“What Are Other Funds Doing?”
I often hear this question at trustee board meetings. More often than not, it arises from a decision on funding or investment policy. When asked, it is expected that “the professionals” (i.e. attorney, actuary or consultant) will pull from a trove of information and divine “the answer.” The fact is, funding policy (dictated by the fund’s sponsor) and investment policy (as determined by the fund’s board) can be as varied as fingerprints.
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A recent article in the Wall Street Journal notes the apparent conflict of public pension fund investments in private equity. The article points to the fact that certain labor unions, including the Service Employees International Union (SEIU), have criticized private equity funds while their members sit on boards which authorize investments in such funds. A specific example citied is the Ohio Public Employees Retirement System, which includes a representative of SEIU among its Board members, having increased its targeted private equity holdings. The article goes on to point out TV spots funded by the American Federation of State, County and Municipal Employees (AFSCME) which criticize Republican presidential candidate Mitt Romney regarding his tenure at Bain Consulting.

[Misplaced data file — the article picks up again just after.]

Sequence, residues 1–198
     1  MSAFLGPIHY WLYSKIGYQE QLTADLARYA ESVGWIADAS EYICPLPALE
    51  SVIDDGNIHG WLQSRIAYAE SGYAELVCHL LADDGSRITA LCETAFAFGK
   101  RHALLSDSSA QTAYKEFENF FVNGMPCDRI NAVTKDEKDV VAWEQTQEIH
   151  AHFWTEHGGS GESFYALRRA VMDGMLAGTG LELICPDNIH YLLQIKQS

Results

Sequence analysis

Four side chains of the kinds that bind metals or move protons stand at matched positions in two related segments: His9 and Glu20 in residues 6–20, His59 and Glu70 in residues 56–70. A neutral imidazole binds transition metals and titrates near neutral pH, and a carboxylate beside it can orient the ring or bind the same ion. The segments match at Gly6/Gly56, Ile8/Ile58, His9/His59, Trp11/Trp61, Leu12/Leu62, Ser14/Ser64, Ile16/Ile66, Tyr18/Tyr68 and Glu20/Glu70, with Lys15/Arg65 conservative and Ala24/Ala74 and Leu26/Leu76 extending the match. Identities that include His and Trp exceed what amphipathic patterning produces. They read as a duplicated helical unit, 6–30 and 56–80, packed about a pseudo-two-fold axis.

Continue reading “The Private Equity Conundrum”
Public fund boards are increasingly under media pressure to disclose the identity and pension benefits of retirees. Historically, disclosure requests were confined to elected officials or other government employees with public profiles (e.g. university presidents, Division I-A football and basketball coaches.) Now, disclosure efforts are focused on “high end” pensioners – typically those with annual pensions above $100,000 per year – regardless of position or notoriety.
Continue reading “The Pension Disclosure Battleground”